I was much impressed lately with Rabbi Silver’s approach to fasting. I had asked him about the traditional Jewish fasts from sunset to sunset. He said, “In order to make sure, we fast twenty-five hours by the clock. It is difficult to know exactly when the sun sets, so we solve that by adding an entire hour.” I am afraid that many Mormons shave a few hours off the twenty-four hour period rather than adding some just to make sure. The difference is in the attitude—a more generous fast offering, a more generous tithe, more generous home teaching rather than the minimum of one visit per month. To hunger and thirst for righteousness is to go beyond the mark, not to just barely reach a minimum.
Usually when we think of mercy we think of the relationship between justice and mercy. We all want the Lord not to judge us with justice, but rather with mercy. None of us wants to be punished according to our sins. We all want the Lord to be merciful, to overlook our imperfections, to take into account the efforts we have made and how far we have progressed lately. The Old Testament is full of references about the mercy we hope God will show toward us, now and at the day of judgment.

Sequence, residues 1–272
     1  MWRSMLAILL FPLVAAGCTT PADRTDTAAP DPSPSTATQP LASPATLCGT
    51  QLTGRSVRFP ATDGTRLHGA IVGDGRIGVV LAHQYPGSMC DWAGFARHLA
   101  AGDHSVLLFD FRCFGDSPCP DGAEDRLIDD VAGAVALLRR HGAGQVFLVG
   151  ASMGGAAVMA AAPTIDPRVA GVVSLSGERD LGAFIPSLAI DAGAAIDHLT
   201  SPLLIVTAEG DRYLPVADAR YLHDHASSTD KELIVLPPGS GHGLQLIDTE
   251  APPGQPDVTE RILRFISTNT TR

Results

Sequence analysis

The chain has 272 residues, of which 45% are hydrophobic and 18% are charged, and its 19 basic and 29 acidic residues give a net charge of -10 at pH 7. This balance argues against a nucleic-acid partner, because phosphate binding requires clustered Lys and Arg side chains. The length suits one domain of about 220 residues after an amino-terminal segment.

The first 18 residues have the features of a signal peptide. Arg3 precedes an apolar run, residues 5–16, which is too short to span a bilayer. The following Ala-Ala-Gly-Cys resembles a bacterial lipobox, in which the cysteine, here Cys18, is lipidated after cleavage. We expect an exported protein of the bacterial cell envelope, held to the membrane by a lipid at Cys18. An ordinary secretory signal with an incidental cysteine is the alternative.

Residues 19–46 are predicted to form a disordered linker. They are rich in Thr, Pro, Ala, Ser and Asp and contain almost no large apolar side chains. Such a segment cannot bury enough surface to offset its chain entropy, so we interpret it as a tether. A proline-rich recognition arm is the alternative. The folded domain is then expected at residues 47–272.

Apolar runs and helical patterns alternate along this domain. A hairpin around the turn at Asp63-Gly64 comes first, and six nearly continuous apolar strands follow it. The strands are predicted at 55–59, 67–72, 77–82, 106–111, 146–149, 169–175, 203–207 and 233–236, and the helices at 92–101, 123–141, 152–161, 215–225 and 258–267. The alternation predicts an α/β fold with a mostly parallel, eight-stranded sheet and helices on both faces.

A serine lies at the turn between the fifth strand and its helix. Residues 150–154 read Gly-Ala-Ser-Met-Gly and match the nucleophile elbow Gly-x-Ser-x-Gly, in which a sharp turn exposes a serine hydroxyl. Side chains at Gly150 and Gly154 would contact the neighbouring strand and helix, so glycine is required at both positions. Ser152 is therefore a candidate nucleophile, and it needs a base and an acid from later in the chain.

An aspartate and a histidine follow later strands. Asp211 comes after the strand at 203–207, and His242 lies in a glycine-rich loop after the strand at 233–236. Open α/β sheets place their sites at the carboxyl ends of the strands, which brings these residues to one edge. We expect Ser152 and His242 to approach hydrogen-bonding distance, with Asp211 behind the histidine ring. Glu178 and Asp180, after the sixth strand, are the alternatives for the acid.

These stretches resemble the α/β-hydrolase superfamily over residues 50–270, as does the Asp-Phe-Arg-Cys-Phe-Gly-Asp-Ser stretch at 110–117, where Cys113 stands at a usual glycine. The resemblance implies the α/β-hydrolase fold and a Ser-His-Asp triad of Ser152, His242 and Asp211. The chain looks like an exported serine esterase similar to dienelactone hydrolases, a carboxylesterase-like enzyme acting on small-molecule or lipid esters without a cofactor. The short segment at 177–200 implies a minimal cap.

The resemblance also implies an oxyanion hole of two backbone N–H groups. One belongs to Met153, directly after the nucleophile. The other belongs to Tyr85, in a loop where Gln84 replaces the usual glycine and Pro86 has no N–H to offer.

But the Savior in the Beatitudes introduces another element. He seems to be talking about us showing mercy in order to obtain mercy from God. The principle here is that we will be judged with the same measure that we apply to others. If we are generous to others, the Lord will be generous with us.
If ye forgive men their trespasses, your heavenly Father will also forgive you:
But if ye forgive not men their trespasses, neither will your Father forgive your trespasses. [Matthew 6:14–15]
The master forgave the head servant that owed him ten thousand talents, but that same servant would not forgive his fellow servant that owed him only 100 pence. The master, upon finding this out, declared, “O thou wicked servant, I forgave thee all that debt, because thou desiredst me: Shouldest not thou also have had compassion on thy fellowservant, even as I had pity on thee?” (Matthew 18:32).